Should neo-Nazis be allowed free speech?

All of us know, however, and despite what we tell our children, names do, indeed, hurt. And recent studies universities such as Purdue, UCLA, Michigan, Toronto, Arizona, Maryland, and Macquarie University in New South Wales, show, among other things, through brain scans and controlled studies with participants who were subjected to both physical and emotional pain, that emotional harm is equal in intensity to that experienced by the body, and is even more long-lasting and traumatic. Physical pain subsides; emotional pain, when recalled, is relived.

Pain has a shared circuitry in the human brain, and it makes no distinction between being hit in the face and losing face (or having a broken heart) as a result of bereavement, betrayal, social exclusion and grave insult. Emotional distress can, in fact, make the body sick. Indeed, research has shown that pain relief medication can work equally well for both physical and emotional injury.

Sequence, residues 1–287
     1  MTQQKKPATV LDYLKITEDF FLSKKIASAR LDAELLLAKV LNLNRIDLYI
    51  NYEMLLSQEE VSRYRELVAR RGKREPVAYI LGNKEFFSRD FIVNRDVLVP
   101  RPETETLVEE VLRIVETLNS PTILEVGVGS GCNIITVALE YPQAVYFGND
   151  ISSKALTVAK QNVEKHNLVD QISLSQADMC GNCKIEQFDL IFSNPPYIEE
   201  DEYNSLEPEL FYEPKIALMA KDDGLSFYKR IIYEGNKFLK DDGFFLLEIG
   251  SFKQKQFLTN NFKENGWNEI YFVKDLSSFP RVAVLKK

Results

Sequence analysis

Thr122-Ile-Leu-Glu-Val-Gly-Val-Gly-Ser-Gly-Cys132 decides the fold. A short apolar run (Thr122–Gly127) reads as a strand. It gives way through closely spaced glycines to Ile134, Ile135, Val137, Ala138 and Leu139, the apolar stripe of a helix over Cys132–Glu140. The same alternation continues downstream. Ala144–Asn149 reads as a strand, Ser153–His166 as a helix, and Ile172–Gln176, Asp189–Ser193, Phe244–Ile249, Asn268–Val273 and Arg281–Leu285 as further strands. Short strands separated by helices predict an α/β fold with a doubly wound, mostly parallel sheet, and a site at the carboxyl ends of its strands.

We impose speed limits on driving and regulate food and drugs because we know that the costs of not doing so can lead to accidents and harm. Why should speech be exempt from public welfare concerns when its social costs can be even more injurious?

In the marketplace of ideas, there is a difference between trying to persuade and trying to injure. One can object to gays in the military without ruining the one moment a father has to bury his son; neo-Nazis can long for the Third Reich without re-traumatizing Hitler’s victims; one can oppose Affirmative Action without burning a cross on an African-American’s lawn.